The announcement from McCain’s family that the senator would no longer receive treatment for the rare brain cancer he had been fighting was disheartening. I knew that it was not about giving up. This decision was about the time and the toll that his fight was taking on the people he loved. John McCain believed in choosing his time and making sure that his decision was ultimately the best for others and not just himself.
His funeral service was a rebuke of the climate that continues to erode the social and political decorum that once defined Washington, D.C. It was a choice to make a decision about how he would face his end. It’s something that I have to remember when I talk to my dad.
My dad has been in a fight with prostate cancer for a few years now. The how and other pertinent details are his to tell and he’ll tell them if and when he wants that information public. What has been a challenge is the need to understand that in the end, this is his fight. It’s his life and he gets to decide what he does about it and what treatments he will use to try and save it.
I have my views and opinions about his treatment. So does my sister. Then there is the first doctor that he talked to, followed by a urologist, then a different one in another state. Then there is my sister’s husband who manages a medical center and consulted experts in oncology and other specialized cancer departments.
My dad listens. He weighs the pros and the cons. He has spoken with homeopathic herbalists. He has tried two courses of treatment using modern medicine. He has been concurrently following three different herbal regimens.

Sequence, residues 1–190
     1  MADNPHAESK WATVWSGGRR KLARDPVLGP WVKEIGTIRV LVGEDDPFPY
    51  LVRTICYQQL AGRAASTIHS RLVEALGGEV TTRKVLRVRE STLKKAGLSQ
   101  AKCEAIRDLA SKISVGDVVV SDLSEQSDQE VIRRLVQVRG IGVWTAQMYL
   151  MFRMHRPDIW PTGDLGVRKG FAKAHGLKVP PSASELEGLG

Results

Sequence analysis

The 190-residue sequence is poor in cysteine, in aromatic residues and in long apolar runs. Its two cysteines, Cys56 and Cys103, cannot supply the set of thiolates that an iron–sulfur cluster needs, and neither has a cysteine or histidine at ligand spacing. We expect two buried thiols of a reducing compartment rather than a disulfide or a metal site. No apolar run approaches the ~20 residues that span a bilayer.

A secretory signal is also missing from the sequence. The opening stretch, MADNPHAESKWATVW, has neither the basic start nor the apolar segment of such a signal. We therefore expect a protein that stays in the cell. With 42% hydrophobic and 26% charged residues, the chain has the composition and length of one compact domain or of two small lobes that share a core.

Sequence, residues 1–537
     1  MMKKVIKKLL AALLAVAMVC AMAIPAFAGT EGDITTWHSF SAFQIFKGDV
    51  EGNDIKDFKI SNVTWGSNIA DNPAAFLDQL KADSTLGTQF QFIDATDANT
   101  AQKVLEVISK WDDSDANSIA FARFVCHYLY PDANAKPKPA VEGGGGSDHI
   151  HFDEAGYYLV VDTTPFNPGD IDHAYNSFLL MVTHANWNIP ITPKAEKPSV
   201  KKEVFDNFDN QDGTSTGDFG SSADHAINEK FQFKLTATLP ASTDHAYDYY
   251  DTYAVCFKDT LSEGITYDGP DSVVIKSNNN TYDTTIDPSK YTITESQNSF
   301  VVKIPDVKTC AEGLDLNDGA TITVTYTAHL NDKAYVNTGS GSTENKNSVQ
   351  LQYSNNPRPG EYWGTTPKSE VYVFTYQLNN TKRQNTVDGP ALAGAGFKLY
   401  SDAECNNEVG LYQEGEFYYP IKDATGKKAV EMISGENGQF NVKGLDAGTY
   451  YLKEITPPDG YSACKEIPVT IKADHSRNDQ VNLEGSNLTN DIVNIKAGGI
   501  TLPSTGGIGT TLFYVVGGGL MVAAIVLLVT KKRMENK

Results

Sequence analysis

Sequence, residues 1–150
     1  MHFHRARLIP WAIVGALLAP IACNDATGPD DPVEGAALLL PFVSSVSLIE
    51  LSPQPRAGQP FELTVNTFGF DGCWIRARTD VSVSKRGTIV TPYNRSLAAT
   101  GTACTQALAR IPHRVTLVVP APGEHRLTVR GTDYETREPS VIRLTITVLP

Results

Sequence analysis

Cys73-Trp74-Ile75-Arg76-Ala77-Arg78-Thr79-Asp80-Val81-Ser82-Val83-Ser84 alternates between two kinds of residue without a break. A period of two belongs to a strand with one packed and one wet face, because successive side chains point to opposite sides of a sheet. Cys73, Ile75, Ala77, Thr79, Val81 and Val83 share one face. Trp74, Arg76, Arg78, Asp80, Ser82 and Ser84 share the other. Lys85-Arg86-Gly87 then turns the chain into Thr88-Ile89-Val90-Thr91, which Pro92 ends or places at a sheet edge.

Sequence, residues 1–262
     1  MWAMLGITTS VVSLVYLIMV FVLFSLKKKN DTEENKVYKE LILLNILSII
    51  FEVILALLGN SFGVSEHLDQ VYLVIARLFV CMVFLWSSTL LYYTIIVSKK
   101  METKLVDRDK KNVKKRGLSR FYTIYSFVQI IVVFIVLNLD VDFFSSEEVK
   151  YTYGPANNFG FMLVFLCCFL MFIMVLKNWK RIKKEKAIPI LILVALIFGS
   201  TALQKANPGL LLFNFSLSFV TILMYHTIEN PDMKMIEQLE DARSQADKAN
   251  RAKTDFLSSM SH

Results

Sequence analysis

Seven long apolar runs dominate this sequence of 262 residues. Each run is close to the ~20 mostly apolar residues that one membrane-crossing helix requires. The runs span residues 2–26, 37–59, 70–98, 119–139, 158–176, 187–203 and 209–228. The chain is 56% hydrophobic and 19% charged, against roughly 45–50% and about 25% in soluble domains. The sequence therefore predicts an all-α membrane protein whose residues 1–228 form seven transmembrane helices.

I don’t agree with everything I hear, but I would like to think that I have come to an understanding that I can support no matter what happens next. It’s not my body.
It’s not about me.
When I first heard the news that my dad had cancer I wanted to do something. I made suggestions. So did my sister. We found more things. We found new things. But, he kept trying what sounded best to him. There were conversations and a few arguments. But, he kept choosing the options that he read or heard about and his reasons were anecdotal and factual.
It took some time for that to sink in. Eventually, it did. But, it bears remembering and repeating. Sometimes in a shorter form. It’s his choice. And that’s how I get to Thor: Ragnarok.
The third installment in Marvel’s Thor franchise is a tale of destruction and loss. It is the Norse apocalypse that features the death of Odin, which leads to the fall of Asgard.
Odin, Thor, and Loki